BAGHDAD, Iraq “” U.S. troops complied with orders from Prime Minister Nouri al-Maliki Tuesday to abandon checkpoints around Baghdad, including ones in and around the Shiite militia stronghold of Sadr City”¦.
U.S. officials said they did not receive advance warning of the order to remove the barriers by 5 p.m. local time Tuesday. Military spokesman, Lt. Col. Christopher Garver, said officers were meeting to “formulate a response to address the prime minister’s concerns.” — from this article
This countermands the American directive and the cordon which was intended to help American soldiers find the Iraqi-born translator who may have been kidnapped.
Again and again Maliki has shown an indifference to American desires. He was preparing some months ago to offer amnesty to those “insurgents” who had killed “only” American soldiers, until an outcry in this country forced the Bush Administration to tell him he couldn’t do it. He expects the Americans to fight and die for his regime, a regime like the previous one prepared to soak the Americans for all they are worth, all the billions they can provide. And how many former high Iraqi officials siphoned off how many billions, paid for by American taxpayers?
Most of those taxpayers will never know the high life now to be enjoyed, for the rest of their lives, by those “Iraqi” patriots who made out like gangbusters on American aid and are now living it up outside Iraq or in Europe, possibly attending the same defiles on the Avenue Montaigne as Suha Arafat.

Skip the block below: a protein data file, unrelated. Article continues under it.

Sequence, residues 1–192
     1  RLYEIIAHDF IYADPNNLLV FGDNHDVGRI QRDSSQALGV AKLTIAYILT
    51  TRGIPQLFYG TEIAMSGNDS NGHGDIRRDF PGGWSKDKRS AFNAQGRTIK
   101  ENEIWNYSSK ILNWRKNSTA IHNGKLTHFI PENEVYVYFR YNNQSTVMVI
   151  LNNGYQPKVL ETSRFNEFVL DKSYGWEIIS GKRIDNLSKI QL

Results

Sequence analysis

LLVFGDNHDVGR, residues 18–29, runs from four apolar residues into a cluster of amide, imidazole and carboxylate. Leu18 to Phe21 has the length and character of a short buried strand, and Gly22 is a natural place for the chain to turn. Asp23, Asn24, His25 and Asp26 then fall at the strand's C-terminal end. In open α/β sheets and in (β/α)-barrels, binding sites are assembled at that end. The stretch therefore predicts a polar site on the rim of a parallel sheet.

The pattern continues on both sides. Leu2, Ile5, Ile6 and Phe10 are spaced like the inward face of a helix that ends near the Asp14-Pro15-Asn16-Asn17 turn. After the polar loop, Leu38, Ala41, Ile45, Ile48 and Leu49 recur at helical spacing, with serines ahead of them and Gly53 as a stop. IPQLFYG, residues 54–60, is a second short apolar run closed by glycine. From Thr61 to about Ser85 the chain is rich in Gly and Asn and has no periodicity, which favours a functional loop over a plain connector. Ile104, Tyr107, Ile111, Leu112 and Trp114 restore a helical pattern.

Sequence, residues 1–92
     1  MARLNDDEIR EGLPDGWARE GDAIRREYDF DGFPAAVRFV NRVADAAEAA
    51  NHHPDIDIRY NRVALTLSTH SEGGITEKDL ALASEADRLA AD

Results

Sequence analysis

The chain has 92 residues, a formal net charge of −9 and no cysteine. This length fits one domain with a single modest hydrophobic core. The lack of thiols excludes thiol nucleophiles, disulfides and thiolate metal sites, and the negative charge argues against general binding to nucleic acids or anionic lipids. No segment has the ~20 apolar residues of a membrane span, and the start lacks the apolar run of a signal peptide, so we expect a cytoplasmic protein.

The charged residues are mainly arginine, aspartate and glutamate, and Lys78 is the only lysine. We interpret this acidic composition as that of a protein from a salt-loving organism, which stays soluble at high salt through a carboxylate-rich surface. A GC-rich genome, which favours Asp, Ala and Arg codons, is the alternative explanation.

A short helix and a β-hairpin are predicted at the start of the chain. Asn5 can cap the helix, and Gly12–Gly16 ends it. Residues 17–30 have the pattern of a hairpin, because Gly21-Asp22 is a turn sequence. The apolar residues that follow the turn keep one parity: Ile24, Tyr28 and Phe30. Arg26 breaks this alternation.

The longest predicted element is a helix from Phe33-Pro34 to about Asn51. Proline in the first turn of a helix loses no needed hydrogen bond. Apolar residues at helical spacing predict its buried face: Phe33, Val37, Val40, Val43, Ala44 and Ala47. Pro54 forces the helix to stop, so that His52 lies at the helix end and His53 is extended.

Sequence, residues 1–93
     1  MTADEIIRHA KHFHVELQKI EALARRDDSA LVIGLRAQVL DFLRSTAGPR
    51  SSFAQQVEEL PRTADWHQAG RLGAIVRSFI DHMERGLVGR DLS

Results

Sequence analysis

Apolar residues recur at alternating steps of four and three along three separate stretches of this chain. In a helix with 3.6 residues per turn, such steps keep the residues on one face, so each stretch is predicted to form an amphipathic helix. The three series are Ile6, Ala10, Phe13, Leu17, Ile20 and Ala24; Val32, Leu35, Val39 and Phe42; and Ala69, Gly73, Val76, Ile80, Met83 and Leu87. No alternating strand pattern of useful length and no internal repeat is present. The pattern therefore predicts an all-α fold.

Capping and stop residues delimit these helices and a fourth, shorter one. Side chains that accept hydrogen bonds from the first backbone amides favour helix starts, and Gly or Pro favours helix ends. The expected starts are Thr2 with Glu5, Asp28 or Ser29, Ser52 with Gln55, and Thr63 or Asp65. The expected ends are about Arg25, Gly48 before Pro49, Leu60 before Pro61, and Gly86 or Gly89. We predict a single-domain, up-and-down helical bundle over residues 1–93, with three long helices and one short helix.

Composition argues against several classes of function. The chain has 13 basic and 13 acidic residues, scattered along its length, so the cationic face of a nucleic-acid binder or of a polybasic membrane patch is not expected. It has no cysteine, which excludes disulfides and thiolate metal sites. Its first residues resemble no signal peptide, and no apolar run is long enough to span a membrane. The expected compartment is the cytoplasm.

Maliki is not, and cannot be, a “friend of America.” He is willing to endure the American presence only so long as it strengthens him and weakens the Sunni insurgents. And the Sunnis, in turn, or those not in the immediate “insurgency,” may now want the Americans to stay for the same reasons — in order to protect them from the full force of the Shi”a. That’s it. The Administration refuses to understand this and keeps making policy based on hope, and on all the Unrepresentative Men that were in exile: Chalabi, Allawi, Makiya, and the tiny group of semi-decent mid-level former Iraqi officers who have unduly impressed American officers, and thus lead them to all kinds of rosy misconceptions and hopes, but are in fact the rare exceptions, not the rule. Or the Americans have tried with this or that group of soldiers or policemen to do the impossible in Iraq, which is to make them drop their sectarian and ethnic and even tribal allegiances. Simply cannot be done.
Why is this hard to understand? What is so complicated about it?
Why is Maliki, why are any Iraqis, allowed to interfere with American military decisions undertaken to protect or recover its soldiers? Why, for that matter, did Bush ever say that “we will leave” when “the Iraqis” tell us “they are ready to have us leave”? When, in the history of the American government, did a President say that “we will leave when the locals are good and ready to have us leave”? An incredible attitude, a complete abdication of responsibility.
And if it not the “Iraqis” then it is “the generals” who will tell me about what tactics to employ. But what if it is not the “tactics” that concern the generals, but the strategy? What if “the generals” wish to tell Bush the one thing he will not let them tell him — that he has the wrong policy in Iraq, that we should be exploiting these ethnic and sectarian tensions, not trying to end them? Of course they won’t tell him this. They haven’t been permitted to think for themselves in this area, haven’t allowed themselves to learn about Islam and to realize that the “war on terror” is a dangerous misnomer, or to think about the other instruments of war — propaganda, counter-Da’wa, stopping the demographic conquest of the countries of the Western alliance, of NATO.